Materials Performance

DEC 2014

Materials Performance is the world's most widely circulated magazine dedicated to corrosion prevention and control. MP provides information about the latest corrosion control technologies and practical applications for every industry and environment.

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Page 18 of 100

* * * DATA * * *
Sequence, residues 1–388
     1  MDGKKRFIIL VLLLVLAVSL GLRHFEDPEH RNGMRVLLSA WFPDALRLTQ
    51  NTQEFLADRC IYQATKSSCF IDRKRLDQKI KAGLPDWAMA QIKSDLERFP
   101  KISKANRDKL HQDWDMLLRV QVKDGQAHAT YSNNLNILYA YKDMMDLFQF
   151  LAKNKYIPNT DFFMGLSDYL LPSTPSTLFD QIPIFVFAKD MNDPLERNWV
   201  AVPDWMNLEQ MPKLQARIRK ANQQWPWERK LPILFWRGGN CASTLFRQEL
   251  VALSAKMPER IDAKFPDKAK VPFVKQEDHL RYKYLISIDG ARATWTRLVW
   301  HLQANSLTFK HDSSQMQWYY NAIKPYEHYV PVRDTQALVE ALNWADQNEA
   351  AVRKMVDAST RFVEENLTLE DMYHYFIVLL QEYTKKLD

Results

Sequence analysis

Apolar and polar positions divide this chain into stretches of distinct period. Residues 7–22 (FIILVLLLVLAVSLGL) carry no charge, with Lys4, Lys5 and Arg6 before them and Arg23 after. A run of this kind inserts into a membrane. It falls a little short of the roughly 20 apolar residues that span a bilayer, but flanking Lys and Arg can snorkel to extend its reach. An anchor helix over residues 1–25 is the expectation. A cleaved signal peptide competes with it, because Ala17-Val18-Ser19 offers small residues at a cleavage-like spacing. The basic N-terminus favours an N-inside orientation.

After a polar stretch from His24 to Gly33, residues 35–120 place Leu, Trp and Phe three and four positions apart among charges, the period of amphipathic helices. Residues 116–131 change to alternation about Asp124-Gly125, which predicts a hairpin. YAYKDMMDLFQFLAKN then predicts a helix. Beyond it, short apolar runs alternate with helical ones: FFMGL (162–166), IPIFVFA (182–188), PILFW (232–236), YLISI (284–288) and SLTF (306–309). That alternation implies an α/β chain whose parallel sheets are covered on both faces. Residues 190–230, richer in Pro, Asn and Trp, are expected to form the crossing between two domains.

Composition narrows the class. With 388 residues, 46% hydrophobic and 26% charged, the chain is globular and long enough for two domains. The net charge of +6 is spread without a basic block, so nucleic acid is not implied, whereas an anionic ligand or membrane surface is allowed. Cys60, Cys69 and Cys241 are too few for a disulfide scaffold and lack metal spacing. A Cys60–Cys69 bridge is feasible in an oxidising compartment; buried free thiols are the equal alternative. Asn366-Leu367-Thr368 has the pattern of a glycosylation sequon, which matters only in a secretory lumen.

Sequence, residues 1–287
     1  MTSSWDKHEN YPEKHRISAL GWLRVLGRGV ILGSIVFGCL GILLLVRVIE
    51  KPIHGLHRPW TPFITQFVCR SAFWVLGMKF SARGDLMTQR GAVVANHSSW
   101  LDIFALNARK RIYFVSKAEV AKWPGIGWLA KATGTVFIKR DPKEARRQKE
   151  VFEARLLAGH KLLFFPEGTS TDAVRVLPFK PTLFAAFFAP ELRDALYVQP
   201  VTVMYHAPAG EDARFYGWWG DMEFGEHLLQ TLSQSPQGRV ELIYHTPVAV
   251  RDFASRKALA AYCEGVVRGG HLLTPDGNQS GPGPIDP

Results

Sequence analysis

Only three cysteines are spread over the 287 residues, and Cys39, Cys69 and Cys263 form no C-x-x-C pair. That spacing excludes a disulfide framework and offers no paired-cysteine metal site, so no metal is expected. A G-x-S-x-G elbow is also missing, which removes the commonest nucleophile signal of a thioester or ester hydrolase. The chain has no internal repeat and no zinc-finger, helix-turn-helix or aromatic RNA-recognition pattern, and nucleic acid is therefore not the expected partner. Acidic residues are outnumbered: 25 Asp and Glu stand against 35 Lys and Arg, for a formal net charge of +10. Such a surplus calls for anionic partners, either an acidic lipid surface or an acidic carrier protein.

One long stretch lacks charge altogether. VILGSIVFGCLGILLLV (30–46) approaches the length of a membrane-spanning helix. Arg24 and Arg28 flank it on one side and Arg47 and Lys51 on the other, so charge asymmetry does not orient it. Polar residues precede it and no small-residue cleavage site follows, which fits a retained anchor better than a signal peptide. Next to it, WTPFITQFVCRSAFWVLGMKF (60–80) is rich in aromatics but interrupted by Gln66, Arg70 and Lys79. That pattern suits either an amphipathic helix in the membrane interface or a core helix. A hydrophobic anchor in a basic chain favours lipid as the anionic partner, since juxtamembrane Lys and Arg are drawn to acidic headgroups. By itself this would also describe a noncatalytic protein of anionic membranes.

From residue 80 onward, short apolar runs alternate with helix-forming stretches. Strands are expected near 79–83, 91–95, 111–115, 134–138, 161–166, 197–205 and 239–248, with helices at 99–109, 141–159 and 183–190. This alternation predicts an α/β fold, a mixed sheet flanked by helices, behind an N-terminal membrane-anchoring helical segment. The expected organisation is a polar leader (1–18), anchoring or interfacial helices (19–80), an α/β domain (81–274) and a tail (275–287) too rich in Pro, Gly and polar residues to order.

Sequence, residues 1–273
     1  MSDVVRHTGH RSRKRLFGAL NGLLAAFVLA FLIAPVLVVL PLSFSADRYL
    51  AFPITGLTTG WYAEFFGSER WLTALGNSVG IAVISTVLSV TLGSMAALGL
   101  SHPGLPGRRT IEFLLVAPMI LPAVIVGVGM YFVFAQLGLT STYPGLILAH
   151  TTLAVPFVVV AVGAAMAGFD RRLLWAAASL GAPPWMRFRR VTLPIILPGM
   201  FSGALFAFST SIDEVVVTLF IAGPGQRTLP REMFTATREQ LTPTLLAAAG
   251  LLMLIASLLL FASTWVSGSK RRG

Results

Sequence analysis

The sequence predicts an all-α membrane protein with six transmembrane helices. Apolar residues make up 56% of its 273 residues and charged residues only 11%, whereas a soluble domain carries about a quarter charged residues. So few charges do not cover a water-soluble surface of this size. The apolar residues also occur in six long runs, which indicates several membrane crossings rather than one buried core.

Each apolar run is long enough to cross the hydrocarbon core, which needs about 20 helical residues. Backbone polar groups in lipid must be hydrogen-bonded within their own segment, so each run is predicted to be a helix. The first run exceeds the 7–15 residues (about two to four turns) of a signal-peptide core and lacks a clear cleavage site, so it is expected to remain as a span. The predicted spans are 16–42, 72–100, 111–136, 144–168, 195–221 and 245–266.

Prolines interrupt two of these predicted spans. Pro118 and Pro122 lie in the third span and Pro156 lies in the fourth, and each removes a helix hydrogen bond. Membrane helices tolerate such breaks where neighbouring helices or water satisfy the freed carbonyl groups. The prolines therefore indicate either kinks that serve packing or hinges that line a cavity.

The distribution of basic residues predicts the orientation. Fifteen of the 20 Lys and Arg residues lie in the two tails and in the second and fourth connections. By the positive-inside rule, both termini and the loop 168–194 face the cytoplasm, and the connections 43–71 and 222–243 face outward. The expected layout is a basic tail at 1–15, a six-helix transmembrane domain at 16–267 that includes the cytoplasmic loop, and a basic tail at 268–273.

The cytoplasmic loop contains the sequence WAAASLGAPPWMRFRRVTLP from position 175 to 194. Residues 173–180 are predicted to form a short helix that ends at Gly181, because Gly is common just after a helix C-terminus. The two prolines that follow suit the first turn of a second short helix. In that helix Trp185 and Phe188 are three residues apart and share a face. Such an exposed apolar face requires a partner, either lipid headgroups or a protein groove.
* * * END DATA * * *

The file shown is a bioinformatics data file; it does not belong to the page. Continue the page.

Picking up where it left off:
16 DECEMBER 2014 MATERIALS PERFORMANCE NACE INTERNATIONAL: VOL. 53, NO. 12 MATERIAL MATTERS ring deep in the foundation and removed for closer inspection along the entire length of the anchor bolt. If corrosion is found, the sample size for inspection likely will be increased. Currently, the corrosion mitigation strateg y is to replace def icient anchor bolts prior to failure, says Printz; however, he adds, replacing the anchor bolts is a very diff icult, time- consuming process that can be quite costly. One design approach to extend the service life of the anchor bolt assemblies is to increase the rod diameter size so it exceeds the load-bearing requirements and contains extra steel to sacrif ice to corrosion before its load-bearing capacity becomes def icient. To extend the service life of the anchor rod assemblies for wind turbines, Printz advocates the use of anchor rods, hex nuts, and hard washers fabricated from the high-strength, low-carbon, chromium microcomposite steel alloy. This corro- sion-resistant steel, Chro – m X 9120, was developed and patented by MMFX Tech- nologies Corp. and has been used by sev- eral state Departments of Transportation as rebar for concrete applications such as highway bridge decks. According to NACE International member Salem Faza, vice president of engineering and specif i- cation for MMFX, this alloy's composition and manufacturing process were designed to provide a steel with improved corrosion resistance and mechanical properties as compared to conventional CS all-thread bar (e.g., ASTM A1035 3 ) and fasteners (ASTM A29, 4 ASTM F435, 5 ASTM A47, 6 and ASTM A536 7 ). CS comprises a matrix of carbides and ferrites at the grain boundaries that are chemically dissimilar, Faza explains. When exposed to moisture, the carbides and ferrites in CS form microgalvanic cells that initiate galvanic corrosion, a battery-like electrochemical process that occurs between the carbides and the fer- rites and corrodes the steel from within. In contrast, the nanotechnolog y used to manufacture the alloy, which is based on 25 years of research at the University of California, Berk ley, manipulates the The anchor bolts in the pedestal of this foundation are ready to receive the tower fange section. Photo courtesy of Williams Form Engineering. This transmission electron microscope image shows the lath microstructure of the high-strength, low-carbon, chromium microcomposite steel. Photo courtesy of MMFX Technology Corp. Continued f rom page 15

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